If you don’t have accurate and up-to-date job descriptions, you’re probably courting trouble—especially if an employee develops a disability and wants a reasonable accommodation. That’s because what an employee considers a job’s essential functions may not jibe with your assessment.
Let’s say you have fired someone for breaking company rules, conduct so severe that the police get involved. What should you tell people who call later, looking for references on the former employee? The truth!
Fired employees often sue, alleging that they were treated less favorably than other employees outside their protected class. To prove that in court, employees have to show that the other employees committed the same violation or mistake and weren’t fired. That’s hard to counter if your records aren’t clear and complete.
Employees who complain about discrimination engage in what the law calls “protected activity.” They can’t be punished for complaining. But not every complaint is protected. For example, when an unhappy employee goes to her supervisor and complains she isn’t being treated fairly, that’s not tantamount to complaining about discrimination.
Minnesota’s personnel record rules can cause problems for employers that don’t operate primarily in the state. For example, employers that aren’t used to the rules may not realize that employees can challenge the truthfulness of information in personnel records and then sue for defamation.
Protesters have been picketing some of Minnesota’s 50 Chipotle restaurants after the McDonald’s-owned company fired hundreds of workers—mainly Latino—because they lacked proper documentation. The firings followed an audit by ICE officials, which have now expanded to other Chipotle restaurants nationwide.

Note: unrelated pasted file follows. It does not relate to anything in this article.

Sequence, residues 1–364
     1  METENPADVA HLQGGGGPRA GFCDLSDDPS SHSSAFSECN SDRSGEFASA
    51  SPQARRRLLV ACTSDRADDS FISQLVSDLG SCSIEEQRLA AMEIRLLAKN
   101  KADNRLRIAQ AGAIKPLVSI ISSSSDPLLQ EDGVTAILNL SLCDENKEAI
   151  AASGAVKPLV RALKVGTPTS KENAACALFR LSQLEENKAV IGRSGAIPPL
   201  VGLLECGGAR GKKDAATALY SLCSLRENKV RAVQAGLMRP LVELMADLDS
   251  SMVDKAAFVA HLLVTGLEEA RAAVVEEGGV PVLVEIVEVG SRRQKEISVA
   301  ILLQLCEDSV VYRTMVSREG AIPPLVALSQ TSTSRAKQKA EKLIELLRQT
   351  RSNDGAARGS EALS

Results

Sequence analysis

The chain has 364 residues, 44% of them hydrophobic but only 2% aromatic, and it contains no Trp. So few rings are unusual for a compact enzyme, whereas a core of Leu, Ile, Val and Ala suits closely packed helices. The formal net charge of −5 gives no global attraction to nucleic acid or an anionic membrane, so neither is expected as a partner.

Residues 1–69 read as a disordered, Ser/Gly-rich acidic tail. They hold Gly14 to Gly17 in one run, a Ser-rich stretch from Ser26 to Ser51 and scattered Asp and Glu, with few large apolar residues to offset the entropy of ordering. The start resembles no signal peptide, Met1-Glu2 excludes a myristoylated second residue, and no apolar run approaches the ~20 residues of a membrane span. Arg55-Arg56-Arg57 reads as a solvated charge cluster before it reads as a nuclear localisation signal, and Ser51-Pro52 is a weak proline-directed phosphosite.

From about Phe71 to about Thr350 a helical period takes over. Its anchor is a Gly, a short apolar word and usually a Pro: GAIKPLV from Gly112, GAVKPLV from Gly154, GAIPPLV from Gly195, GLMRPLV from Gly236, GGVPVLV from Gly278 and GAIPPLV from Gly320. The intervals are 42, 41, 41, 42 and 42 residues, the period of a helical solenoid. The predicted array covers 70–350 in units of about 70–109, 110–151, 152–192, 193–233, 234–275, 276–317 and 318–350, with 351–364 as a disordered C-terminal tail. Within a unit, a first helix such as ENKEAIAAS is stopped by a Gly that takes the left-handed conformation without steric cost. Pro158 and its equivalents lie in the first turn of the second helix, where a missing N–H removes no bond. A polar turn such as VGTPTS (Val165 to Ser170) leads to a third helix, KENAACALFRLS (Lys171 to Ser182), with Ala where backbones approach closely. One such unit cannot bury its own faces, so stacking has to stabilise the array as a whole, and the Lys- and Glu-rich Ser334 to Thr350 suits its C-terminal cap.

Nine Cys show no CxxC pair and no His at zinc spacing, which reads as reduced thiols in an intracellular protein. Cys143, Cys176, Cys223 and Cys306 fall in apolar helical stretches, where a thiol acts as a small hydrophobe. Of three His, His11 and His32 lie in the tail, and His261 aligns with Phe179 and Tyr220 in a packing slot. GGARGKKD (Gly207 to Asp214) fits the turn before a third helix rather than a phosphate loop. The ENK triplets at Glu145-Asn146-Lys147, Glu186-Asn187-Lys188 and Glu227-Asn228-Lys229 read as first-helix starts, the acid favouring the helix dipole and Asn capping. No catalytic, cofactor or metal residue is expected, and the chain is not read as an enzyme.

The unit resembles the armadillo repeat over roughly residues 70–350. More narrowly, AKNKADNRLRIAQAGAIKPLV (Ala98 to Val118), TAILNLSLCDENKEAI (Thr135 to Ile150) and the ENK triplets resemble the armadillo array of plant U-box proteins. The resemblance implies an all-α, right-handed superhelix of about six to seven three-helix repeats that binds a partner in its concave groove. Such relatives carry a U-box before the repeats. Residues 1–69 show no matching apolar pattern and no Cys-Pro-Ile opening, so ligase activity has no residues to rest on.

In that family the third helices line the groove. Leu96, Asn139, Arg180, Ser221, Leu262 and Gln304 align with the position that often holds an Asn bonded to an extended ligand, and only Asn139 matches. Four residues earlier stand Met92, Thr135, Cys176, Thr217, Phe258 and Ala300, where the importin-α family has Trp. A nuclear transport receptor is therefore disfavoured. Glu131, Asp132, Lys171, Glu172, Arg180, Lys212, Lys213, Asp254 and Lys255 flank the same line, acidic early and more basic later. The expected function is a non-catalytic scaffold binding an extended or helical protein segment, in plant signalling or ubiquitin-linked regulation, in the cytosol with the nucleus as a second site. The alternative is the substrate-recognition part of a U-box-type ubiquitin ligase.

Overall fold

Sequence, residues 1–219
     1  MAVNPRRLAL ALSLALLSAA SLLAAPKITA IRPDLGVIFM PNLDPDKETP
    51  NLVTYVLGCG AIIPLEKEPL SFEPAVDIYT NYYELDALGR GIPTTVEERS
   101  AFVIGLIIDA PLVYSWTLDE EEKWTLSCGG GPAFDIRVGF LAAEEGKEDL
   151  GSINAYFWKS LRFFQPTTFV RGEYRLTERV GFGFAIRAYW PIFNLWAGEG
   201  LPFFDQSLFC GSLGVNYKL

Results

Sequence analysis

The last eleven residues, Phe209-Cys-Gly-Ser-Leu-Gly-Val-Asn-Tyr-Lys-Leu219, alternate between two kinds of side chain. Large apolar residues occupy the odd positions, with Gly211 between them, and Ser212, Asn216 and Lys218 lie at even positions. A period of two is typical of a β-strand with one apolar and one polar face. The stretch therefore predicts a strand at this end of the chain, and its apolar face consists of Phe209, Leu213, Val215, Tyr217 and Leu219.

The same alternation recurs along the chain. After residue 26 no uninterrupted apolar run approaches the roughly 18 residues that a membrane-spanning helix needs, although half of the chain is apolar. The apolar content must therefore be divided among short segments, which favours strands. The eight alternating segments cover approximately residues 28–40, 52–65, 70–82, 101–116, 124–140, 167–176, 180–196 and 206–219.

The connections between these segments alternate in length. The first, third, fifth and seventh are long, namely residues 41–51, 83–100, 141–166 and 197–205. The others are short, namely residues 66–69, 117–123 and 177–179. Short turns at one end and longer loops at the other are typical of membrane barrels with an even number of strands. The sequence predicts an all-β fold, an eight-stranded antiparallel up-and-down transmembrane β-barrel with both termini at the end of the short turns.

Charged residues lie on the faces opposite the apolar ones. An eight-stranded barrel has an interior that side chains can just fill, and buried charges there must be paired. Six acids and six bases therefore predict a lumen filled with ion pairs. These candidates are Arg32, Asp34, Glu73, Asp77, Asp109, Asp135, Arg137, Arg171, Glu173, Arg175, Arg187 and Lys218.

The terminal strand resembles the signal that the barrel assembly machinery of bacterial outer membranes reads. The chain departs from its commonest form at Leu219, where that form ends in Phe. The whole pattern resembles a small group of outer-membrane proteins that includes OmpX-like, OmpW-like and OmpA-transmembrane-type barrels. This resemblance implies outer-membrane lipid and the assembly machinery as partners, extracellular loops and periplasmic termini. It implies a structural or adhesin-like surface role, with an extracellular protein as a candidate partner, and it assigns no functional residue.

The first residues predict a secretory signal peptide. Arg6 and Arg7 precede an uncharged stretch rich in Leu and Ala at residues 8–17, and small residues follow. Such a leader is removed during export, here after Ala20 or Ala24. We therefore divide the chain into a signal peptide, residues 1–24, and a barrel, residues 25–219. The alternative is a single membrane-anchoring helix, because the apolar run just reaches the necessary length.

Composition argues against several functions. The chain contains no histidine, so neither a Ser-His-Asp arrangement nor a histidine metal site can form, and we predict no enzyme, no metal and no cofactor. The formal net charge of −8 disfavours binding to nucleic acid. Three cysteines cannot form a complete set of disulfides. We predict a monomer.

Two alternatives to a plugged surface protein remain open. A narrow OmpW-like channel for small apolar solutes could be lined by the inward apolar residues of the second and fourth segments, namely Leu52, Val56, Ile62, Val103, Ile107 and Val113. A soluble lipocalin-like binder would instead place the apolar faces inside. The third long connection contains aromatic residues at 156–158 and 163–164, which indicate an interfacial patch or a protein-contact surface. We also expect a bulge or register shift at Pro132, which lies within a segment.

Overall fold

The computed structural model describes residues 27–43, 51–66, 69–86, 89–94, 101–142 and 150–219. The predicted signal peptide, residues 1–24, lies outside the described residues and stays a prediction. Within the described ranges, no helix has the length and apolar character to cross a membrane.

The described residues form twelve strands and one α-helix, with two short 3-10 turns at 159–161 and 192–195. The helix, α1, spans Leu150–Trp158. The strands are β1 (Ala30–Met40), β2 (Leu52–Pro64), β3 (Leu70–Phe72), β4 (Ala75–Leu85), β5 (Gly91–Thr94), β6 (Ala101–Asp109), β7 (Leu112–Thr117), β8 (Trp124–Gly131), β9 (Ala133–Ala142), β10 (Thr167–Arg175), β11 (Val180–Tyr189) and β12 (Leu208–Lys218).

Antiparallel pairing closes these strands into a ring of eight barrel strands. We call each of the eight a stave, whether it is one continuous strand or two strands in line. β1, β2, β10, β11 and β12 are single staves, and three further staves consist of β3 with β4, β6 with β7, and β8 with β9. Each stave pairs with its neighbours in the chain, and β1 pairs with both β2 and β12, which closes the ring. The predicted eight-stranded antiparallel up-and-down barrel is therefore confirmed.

Minneapolis-based Target has contracted with a Chicago firm, ComPsych, to provide counseling to workers in several of the chain’s urban stores. The move is designed to help reduce turnover by teaching workers coping skills to deal with family and financial problems that may affect their work performance.
State law allows teachers with five years on the job and 10 years’ experience to take up to five years of unpaid leave if the school board approves it. For one former Minnesota teacher and athletic coach, that was a deal too good to pass up.
Sometimes, courts are suspicious of an employer’s claim that it conducted a reduction in force if it can’t support the claim with facts and figures. Supply the data and make the court comfortable with your company’s decision.
A recent state Supreme Court decision highlights one of the unique problems facing employers: While a pay practice may be valid under state law, it may be illegal under federal law. To ensure they’re in full compliance, employers must be prepared to change their pay practices to conform with the most restrictive law.